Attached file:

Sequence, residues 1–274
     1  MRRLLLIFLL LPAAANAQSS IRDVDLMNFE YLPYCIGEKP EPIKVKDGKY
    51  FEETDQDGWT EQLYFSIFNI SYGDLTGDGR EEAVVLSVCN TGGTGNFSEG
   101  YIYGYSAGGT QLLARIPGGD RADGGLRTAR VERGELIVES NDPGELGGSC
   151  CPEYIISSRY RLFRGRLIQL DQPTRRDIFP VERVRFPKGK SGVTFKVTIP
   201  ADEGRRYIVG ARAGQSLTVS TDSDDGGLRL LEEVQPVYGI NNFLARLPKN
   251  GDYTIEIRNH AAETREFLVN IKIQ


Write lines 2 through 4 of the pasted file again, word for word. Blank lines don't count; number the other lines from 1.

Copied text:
     1  MRRLLLIFLL LPAAANAQSS IRDVDLMNFE YLPYCIGEKP EPIKVKDGKY
    51  FEETDQDGWT EQLYFSIFNI SYGDLTGDGR EEAVVLSVCN TGGTGNFSEG
   101  YIYGYSAGGT QLLARIPGGD RADGGLRTAR VERGELIVES NDPGELGGSC